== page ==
Harmonizing, not fighting, is the right feeling. Difficulty and danger are ingredients, not waste products. The danger, adrenaline, and exertion of being on the scaffolding let me sleep better, let me better taste my food, and gave me morning wood like I hadn’t hadron with high school. While my white-collar friends paid for gym memberships and cross-fit classes to resurrect atrophied muscle and correct bad posture, buying fitness watches to feel more motivated to walk or climb stairs, I was getting paid to do full body resistance and coordination training, more intense than martial arts boot camps  I have attended, and more spirited in team work. My enthusiasm at the time is well-captured in this Craigslist posting. The posting got us a new teammate for a few weeks, of whom the team leader said 「あいつは日本語が下手過ぎて、面白かった。」 “that guy’s Japanese sucked so bad, it was hilarious” – again, smiling and harmonizing with danger. Laughing, crying, and looking out for each other.

By and by, after a year and a half away, I returned to desk work, but I am nostalgic for scaffolding. In the three and a half years since, I have lost muscle, and my posture is not as good. Can I have both an exercised mind and exercised body?
I began this post this morning on a bus to work. I am ending it this evening over a beer at home. One of my teachers touched off this train of thought because she just left for a month-long trip away from Taiwan to reconnect with people and to reflect, so I dedicate this to her.

Enlightenment is setting down our burden. What comes next is also enlightenment. Can I hold on to this clarity? Probably not. But next time, when faced with a difficult situation or person, maybe I can smile a little inside, and say “That’s interesting. What comes next?”


To listen is to close the mouth, open the ears and eyes, and to see. It is to quiet the mind, to breathe and dwell in this moment, to study what is before you, as well as the breathing and sensation of the body you inhabit. In doing so, to touch the oneness from which things were born.

In this silent breath there is not only receptivity, but also action.

Zhuangzi wrote that the experienced butcher hardly needs to sharpen his knife because its edge moves through the spaces between the bones. From the parable「包丁解肉」the butcher says:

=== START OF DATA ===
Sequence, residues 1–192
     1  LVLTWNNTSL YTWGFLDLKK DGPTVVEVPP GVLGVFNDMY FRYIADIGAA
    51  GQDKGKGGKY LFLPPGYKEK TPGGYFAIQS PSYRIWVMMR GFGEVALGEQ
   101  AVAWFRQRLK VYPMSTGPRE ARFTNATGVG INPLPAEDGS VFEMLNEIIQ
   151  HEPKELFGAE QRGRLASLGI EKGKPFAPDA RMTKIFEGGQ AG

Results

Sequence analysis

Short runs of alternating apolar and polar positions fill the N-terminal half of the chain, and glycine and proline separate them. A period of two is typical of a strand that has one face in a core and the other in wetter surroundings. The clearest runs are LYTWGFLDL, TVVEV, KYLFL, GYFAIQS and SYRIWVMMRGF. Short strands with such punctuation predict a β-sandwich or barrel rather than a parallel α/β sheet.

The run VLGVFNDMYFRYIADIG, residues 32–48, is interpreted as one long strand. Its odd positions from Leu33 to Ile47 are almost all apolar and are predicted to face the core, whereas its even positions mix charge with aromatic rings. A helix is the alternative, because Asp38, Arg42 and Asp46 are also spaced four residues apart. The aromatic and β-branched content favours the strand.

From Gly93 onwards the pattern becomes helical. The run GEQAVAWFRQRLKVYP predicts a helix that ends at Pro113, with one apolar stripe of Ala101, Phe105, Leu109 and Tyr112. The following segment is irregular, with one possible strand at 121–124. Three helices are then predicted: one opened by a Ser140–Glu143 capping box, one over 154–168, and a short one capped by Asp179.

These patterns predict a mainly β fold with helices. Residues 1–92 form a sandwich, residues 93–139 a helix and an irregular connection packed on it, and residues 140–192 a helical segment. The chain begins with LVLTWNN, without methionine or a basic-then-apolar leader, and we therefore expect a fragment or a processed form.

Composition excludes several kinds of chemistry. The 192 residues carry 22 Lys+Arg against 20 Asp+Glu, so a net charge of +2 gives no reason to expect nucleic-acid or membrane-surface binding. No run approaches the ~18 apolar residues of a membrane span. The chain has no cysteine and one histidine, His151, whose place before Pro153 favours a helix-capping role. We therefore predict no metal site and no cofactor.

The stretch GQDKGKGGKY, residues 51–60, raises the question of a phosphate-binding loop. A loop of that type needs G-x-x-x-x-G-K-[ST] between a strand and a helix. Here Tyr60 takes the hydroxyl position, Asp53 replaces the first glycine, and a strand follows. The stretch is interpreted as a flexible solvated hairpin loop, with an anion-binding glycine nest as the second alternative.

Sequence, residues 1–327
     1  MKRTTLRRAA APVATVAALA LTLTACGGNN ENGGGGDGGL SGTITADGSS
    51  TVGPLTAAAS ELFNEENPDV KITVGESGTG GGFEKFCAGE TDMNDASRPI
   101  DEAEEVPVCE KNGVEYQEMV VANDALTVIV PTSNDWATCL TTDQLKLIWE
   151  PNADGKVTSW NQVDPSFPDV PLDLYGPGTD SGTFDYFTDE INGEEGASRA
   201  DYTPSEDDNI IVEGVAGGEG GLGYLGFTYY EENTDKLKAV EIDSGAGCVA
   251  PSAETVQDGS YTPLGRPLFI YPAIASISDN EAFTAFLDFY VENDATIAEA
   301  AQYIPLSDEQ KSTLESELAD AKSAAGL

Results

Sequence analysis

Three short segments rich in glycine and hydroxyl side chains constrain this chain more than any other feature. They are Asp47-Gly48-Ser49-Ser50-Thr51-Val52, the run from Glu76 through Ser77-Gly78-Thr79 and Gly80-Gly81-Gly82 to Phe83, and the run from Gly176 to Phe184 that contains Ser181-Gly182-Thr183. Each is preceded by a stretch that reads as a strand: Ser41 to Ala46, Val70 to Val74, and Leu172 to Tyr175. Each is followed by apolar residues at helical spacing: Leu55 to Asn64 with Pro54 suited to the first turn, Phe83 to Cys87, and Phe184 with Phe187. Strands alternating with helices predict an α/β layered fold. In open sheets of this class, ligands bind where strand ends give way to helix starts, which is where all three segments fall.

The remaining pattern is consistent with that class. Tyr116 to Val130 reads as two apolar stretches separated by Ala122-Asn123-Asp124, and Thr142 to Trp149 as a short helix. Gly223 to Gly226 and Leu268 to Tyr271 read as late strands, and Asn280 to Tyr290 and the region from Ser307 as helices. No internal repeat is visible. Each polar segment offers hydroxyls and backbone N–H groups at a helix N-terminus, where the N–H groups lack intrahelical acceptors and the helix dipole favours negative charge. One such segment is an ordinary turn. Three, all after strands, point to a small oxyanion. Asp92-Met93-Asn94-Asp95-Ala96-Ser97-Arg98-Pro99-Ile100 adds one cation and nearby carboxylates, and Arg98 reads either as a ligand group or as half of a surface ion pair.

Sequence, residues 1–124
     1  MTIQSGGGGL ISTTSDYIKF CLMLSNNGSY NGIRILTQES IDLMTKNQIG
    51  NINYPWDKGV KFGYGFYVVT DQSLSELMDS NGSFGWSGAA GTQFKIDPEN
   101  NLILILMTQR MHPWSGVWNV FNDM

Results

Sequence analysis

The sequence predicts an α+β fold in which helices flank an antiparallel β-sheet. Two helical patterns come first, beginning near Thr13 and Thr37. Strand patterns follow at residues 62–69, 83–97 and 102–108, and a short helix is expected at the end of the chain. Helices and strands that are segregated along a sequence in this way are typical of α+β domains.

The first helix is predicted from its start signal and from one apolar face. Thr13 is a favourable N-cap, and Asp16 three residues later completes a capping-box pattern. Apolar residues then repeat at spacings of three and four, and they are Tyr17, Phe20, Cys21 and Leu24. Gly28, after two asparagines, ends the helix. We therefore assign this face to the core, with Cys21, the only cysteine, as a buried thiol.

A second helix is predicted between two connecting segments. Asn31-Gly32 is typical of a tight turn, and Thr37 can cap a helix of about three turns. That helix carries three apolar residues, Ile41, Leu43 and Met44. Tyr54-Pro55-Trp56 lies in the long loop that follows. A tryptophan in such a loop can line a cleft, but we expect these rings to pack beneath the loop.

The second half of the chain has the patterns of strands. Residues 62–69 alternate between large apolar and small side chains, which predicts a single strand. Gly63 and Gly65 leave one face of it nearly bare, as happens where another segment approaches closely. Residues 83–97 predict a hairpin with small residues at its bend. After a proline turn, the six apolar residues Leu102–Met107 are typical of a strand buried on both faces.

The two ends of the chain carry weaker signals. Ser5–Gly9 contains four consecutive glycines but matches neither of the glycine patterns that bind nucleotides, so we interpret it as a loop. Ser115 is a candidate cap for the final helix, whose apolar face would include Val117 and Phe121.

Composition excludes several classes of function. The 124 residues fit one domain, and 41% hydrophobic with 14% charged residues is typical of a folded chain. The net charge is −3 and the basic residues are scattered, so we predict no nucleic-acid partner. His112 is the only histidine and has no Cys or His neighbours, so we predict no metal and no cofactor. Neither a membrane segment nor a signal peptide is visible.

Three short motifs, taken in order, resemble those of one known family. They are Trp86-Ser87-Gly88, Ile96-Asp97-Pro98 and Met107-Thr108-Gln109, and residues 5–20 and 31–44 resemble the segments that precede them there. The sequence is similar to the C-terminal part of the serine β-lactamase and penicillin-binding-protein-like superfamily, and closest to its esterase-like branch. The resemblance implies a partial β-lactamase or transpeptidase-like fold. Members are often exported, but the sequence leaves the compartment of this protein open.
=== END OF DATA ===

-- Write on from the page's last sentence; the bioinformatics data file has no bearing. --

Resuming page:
“Now, I see with the spirit and not my eyes. My senses and thoughts stop – I move with the spirit. In line with nature, I cut in the big spaces.”

In Japanese, “to ask,” “to listen,” “to effect,” and “to be effective” are the same word.


When we quiet our minds, perception and action become two aspects of the same thing, just as we breathe in and out.


With a co-worker, he was explaining theory. I wanted to know about application. I had been trying to ask a question, initiating with body language and verbal grunts. “Does that mean…” “um…” “hey…” “well…” with increased frustration, until I said to him firmly. “I have a question – do you want to hear it?” And he said “No.”

“You don’t want to hear my question.” I said, stating it more than asking it.
“No.” He shook his head.
And this was a bit of a relief. He had helped me understand the theory, which I had not done on my own, but he was not interested in understanding its application. I’ll take what I can get, I reasoned, and find the rest somewhere else.

I recalled Jean-Paul Sartre’s “Huit Clos” in which the characters involved make each other miserable because of their personalities. Compromise is not possible because they cannot set their self-image aside. I recalled James Nalepka’s “Capsized,” where three crew a boat that capsizes in a storm, and they drift, surviving on fishing, gathering rain, and food stores until they hit land again. Their personalities bump against each other because there is no way off of the boat, but they are united by their common goal.

The latter is how I like to think of my company – united by a common goal.

The boat has been weathering a storm recently, but letting go of the urge to protect myself has enabled me to see more clearly.

Two weeks ago we were in a meeting. My boss called in. We hit a rough spot. My boss panicked, jumped in, and took control of the meeting. A few days later, my boss told me that I was being taken off the customer. I was upset, but agreed. We made plans to transfer the customer to my boss, and I offered to remain as backup help, internally working with our engineers to get answers. I viewed it as nothing personal – just a judgement of my ability to culturally handle this customer. The next day I was reinstated to the account. I now have a co-worker (not my boss) playing the role of cultural intermediary. He’s a top gun, switching in and out of dialect and talking the exact style with the exact phrasing that the customer wants to hear. We can say exactly the same thing in terms of content and get two very different reactions from the customer. They love him, which is fine. All I have to do is get him what he needs to answer questions.